The Book: Why not me, God?

When I was about 12 years old, I had my first experience with Pentecostalism. I didn’t know it then, but it was the beginning of a two-decade journey that had me a Pentecostal deacon by 23 and – shockingly – a Catholic by 37. I’ve often been asked by Evangelical friends how I could possibly become Catholic. And, I’ve been asked by intensely curious Catholics how a trip on Azusa Street could lead to Rome, without constant warnings of “recalculating” and “make U-turn now.” I’m tackling the book that describes that incredible journey.  Follow along and share with me your (polite, well-mannered) thoughts and reactions.  


My First Pentecost

Pentecostes, Luis Tristán (Toledo, 1585 – 1624), Museum of Fine Arts, Bucarest

The roasting heat of an August day was just abating as my mother and I drove down a dusty country lane to the House of Prayer. Entering the little red house, we saw a small congregation seated on folding chairs packed tightly in the cozy living room. Brother Merrill preached from the kitchenette and, at the end of the service, he said God told him that all the children should come forward. I was amazed. Except for the Bible, I’d never heard of God actually speaking to someone. While a bit nervous at the prospect of standing in front of strangers with kids I didn’t know, I went forward.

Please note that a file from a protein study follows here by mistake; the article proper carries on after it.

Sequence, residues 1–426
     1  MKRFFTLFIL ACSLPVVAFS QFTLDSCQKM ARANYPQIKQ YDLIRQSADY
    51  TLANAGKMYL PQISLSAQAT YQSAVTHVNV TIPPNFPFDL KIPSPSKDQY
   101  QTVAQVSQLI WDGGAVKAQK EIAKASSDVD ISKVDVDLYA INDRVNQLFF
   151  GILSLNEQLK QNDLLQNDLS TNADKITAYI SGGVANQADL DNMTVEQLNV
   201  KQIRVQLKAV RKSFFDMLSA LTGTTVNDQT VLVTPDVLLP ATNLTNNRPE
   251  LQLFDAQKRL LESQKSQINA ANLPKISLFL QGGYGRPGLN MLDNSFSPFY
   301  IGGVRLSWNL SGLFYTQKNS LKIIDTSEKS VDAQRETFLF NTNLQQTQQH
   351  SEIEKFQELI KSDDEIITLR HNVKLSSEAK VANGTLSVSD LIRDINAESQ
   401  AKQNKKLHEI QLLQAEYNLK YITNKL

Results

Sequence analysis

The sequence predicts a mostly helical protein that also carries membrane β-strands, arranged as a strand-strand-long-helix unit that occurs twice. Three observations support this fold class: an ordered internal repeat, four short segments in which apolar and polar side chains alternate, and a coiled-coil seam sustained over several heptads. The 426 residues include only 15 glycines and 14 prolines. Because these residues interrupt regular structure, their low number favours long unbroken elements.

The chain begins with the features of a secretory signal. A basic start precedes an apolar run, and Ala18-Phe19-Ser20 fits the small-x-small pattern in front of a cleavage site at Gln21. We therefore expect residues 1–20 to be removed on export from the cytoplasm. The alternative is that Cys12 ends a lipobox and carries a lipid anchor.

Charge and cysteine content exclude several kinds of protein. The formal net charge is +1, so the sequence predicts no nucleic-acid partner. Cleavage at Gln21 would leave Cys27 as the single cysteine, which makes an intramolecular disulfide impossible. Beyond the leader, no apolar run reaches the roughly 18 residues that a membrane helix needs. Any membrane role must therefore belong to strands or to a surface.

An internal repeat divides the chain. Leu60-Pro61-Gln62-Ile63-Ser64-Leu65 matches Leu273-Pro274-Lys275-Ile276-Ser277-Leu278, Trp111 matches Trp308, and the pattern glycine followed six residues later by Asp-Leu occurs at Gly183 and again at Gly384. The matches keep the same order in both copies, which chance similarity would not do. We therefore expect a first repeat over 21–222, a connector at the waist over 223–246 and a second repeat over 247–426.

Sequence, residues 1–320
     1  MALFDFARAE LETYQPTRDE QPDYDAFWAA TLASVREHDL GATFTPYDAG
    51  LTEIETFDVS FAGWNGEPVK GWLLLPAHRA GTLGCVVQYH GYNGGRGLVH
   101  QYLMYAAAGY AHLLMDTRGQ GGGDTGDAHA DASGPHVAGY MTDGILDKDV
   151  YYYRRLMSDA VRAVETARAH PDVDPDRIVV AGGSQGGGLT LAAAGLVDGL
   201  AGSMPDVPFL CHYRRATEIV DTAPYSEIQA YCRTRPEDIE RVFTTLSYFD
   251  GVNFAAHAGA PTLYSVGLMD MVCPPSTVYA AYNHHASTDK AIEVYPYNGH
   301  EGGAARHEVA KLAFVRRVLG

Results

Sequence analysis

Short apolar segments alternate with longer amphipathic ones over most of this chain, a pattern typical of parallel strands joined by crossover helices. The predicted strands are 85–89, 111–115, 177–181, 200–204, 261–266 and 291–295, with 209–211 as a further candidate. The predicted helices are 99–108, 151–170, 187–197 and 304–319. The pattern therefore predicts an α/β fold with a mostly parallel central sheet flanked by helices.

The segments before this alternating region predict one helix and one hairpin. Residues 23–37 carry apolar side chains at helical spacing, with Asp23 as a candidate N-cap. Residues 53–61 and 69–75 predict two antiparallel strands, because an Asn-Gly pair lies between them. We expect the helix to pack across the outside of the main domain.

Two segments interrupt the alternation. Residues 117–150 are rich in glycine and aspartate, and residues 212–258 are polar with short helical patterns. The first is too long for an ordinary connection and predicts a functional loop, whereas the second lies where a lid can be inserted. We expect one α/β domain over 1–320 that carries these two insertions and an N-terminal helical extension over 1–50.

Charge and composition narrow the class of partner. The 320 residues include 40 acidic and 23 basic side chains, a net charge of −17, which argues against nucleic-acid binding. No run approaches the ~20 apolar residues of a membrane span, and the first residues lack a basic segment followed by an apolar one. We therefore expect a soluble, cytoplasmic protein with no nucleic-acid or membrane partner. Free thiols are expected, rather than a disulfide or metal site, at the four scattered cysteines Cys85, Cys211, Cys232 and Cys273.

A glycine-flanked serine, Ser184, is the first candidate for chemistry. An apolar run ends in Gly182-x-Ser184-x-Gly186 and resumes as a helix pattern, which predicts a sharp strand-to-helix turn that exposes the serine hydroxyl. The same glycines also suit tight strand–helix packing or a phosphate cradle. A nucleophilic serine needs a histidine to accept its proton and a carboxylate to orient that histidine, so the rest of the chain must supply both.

We were lined up – front-to-back – youngest to oldest. Being by far the oldest, I was last in line. Merrill began to pray. I don’t recall the specifics, but at the end, he cried out “in the name of Jesus!” and placed his hand on the forehead of the littlest child who stood first in the line. Like a line of dominoes, each child tumbled backward – except for me. I was startled and confused as I gaped at the children sprawled on the floor before me. Later, I was told these youngsters were “slain in the Spirit.” They were so overcome with the power of the Holy Spirit that they fell to the floor. I was certain this must have been something God had done – to everyone but me.

As I stood, awkward and embarrassed, in front of the packed living room, I had my first encounter with a fear that God does not know me. Why would every child in that line experience God, except me?

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One Comment Add yours

  1. Hi Jeff, You write beautifully. The Holy Spirit is a gentleman and will not do anything you wouldn’t want or be ready for Him to do, although it can sometimes feel like it. How would you have felt if, unexpectedly you found yourself on the floor without understanding what had happened? God sees you and knows you intimately. He rejoices over you with singing. Keep up the good writing.

    Love,

    Pam

    Sent from my iPod

    >

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